In all of those years I have seen some downtown merchants who are quick to complain and to demand that the city do for them what they are unwilling to do for themselves. Recently I heard this anecdote. A group of citizen volunteers were donating their time and energy to pick up trash on the sidewalks in downtown. One of the business owners had the temerity to come out of the store to point out some trash and to tell the volunteer that he/she had missed picking it up. Was the business owner’s arm broken that day? What about a simple thank you directed to that volunteer for the effort?

What downtown Glendale needs most desperately is their very own, independent merchants’ association — an association that has created and passed its own mutual charter and that requires dues so that everyone has some skin in the game. It needs an association where all of the members agree to set some minimum and consistent hours when all will commit to being open.

I have seen downtown merchants who set their business hours whenever it is convenient for them. There is nothing worse that will turn a potential customer away, never to return. I have heard some of the business owners say why be open when there is no traffic? I beg to differ. There is always some foot traffic and these businesses need to be open consistently to capture those potential sales. The overhead remains generally the same whether a business is open 5 days a month or 30 days a month. The rent is the same every month.

It should be an association that establishes its very own authority in order to establish the credibility needed to be able to interact with the city for each party’s mutual benefit. As an association it needs to be able to create its own downtown mini-events without constantly relying on the city to establish events for them. It needs the ability to identify common problems and craft solutions to deal with them establishing fair and consistent goals for everyone with no favor. It should encourage collaboration and communication between all.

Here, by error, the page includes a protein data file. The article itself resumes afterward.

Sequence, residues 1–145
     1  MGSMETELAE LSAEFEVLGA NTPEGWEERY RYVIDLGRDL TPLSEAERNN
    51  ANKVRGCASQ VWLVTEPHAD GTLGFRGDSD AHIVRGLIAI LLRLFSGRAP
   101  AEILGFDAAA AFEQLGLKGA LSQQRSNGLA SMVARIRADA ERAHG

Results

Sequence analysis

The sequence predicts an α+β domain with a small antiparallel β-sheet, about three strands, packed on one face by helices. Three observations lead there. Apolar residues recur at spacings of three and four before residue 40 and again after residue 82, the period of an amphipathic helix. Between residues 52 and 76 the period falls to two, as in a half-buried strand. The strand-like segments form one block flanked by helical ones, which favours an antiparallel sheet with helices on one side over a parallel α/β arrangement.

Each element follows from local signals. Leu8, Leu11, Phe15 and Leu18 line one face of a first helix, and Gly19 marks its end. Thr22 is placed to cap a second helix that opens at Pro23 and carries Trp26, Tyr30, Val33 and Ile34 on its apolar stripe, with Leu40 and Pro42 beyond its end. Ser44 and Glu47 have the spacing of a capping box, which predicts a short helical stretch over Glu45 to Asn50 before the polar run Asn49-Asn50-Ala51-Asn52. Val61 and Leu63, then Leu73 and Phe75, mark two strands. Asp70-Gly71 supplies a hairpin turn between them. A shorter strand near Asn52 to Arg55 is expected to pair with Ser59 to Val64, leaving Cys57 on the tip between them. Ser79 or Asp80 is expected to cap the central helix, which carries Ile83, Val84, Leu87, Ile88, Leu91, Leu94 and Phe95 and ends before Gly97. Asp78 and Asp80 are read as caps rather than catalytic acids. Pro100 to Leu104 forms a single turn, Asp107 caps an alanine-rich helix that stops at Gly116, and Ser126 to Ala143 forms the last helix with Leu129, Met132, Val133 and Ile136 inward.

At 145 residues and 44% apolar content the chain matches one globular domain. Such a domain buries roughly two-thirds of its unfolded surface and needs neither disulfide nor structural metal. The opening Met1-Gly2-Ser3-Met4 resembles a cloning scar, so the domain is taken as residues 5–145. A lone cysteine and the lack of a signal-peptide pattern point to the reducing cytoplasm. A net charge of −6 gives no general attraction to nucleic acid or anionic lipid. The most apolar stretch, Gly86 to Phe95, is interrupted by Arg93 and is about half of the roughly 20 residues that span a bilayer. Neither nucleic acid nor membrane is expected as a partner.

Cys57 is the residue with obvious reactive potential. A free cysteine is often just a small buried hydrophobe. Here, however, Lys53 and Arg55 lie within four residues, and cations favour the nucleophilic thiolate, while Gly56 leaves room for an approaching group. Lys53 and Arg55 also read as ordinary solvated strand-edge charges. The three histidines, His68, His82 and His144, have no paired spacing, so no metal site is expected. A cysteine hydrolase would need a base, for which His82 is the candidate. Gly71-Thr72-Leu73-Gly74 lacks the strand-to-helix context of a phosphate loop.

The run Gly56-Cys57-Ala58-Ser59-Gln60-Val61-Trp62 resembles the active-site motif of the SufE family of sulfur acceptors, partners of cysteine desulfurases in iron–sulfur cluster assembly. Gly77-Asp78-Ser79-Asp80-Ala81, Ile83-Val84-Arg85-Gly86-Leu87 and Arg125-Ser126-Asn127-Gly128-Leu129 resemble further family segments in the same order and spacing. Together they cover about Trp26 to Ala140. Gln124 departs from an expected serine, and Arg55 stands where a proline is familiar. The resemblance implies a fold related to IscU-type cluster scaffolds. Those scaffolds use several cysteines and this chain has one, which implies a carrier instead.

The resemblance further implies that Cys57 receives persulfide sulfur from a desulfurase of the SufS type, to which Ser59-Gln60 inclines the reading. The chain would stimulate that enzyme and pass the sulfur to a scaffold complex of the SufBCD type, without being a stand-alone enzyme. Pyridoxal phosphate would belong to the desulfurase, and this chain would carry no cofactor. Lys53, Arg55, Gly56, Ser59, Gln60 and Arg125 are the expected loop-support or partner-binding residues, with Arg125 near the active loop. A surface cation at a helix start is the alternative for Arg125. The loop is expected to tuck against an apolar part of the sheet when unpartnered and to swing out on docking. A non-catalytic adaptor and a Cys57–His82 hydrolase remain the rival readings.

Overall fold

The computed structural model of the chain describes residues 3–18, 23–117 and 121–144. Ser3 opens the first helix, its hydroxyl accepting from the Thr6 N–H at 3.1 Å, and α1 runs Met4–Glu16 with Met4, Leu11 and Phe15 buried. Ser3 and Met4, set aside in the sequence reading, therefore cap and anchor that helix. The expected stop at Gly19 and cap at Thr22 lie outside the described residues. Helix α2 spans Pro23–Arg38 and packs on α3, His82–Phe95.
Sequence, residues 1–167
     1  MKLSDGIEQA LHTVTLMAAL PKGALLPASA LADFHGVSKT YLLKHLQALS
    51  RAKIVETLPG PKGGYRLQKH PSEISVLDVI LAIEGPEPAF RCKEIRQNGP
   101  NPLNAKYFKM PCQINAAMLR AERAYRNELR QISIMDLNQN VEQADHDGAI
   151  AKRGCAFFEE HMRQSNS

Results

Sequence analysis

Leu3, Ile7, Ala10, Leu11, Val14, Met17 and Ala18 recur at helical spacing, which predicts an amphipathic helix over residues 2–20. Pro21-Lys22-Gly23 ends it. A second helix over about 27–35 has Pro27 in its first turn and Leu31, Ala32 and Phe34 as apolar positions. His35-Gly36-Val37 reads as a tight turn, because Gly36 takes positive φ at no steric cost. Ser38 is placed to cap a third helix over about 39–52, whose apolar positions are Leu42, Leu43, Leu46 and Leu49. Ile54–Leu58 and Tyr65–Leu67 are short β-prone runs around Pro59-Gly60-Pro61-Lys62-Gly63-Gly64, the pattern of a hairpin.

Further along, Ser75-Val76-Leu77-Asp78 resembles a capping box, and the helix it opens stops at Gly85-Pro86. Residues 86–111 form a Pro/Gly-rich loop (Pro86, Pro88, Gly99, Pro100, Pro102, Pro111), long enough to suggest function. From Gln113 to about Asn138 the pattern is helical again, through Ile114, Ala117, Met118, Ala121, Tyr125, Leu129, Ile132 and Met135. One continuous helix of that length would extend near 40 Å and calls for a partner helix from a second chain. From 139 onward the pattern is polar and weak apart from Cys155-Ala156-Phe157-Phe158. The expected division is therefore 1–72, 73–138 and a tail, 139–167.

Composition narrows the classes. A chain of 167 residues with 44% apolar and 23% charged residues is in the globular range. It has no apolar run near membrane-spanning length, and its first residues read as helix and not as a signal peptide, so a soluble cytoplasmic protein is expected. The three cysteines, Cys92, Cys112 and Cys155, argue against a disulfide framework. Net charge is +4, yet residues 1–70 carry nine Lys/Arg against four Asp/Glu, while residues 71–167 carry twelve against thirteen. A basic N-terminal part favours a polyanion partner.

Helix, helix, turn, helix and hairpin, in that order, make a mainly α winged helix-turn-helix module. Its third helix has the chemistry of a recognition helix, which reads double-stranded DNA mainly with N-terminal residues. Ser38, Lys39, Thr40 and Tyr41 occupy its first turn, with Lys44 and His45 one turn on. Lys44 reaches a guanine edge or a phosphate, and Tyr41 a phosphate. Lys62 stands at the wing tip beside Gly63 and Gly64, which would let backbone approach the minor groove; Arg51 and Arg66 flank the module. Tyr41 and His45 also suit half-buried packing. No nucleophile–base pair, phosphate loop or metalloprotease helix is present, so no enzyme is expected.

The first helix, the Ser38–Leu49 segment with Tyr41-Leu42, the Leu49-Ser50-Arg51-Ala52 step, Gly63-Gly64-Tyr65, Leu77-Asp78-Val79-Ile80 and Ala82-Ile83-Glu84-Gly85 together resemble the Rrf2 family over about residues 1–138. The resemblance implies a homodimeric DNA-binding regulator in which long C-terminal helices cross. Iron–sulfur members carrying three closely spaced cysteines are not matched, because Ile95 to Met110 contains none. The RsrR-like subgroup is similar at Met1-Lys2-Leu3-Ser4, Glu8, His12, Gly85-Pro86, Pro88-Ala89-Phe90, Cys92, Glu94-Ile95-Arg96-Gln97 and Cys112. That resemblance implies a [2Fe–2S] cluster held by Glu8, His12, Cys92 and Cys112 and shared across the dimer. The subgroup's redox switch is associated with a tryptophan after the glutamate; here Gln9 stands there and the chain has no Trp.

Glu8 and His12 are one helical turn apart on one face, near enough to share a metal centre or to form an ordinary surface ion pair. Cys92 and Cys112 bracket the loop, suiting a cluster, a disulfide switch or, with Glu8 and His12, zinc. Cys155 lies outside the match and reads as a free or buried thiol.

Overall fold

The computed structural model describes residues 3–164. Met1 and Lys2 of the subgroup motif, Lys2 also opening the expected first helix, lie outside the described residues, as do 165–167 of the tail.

I am optimistic. There are downtown merchants who realize that it’s time to take action in their own self interest. They have recognized that the downtown is broken and not as robust as it could be.  They are willing. The question is…will their peers join them?

 Downtown merchants… it’s time to join the 21st century. It’s time for your own unique brand of creativity, innovation and energy to help Glendale’s downtown, your downtown succeed. It’s time for a downtown Glendale merchant‘s association…by, of and for downtown merchants.

© Joyce Clark, 2017          

FAIR USE NOTICE

This site contains copyrighted material the use of which is in accordance with Title 17 U.S. C., Section 107. The ‘fair use’ of any such copyrighted material as provided for in Section 107 of the US Copyright Law and who have expressed a prior interest in receiving the included information for research and educational purposes. For more information material on this site is distributed without profit to those who have not always been specifically authorized by the copyright owner. We are making such material available in our efforts to advance understanding of environmental, political, human rights, economic, democratic, scientific and social justice issues, etc. We believe this constitutes a ‘fair use’ of any such material. For more information go to http://www.law.cornell.edu/uscode/17/107.shtml. If you wish to use copyrighted material from this site for purposes of your own that go beyond ‘fair use,’ you must obtain permission from the copyright owner.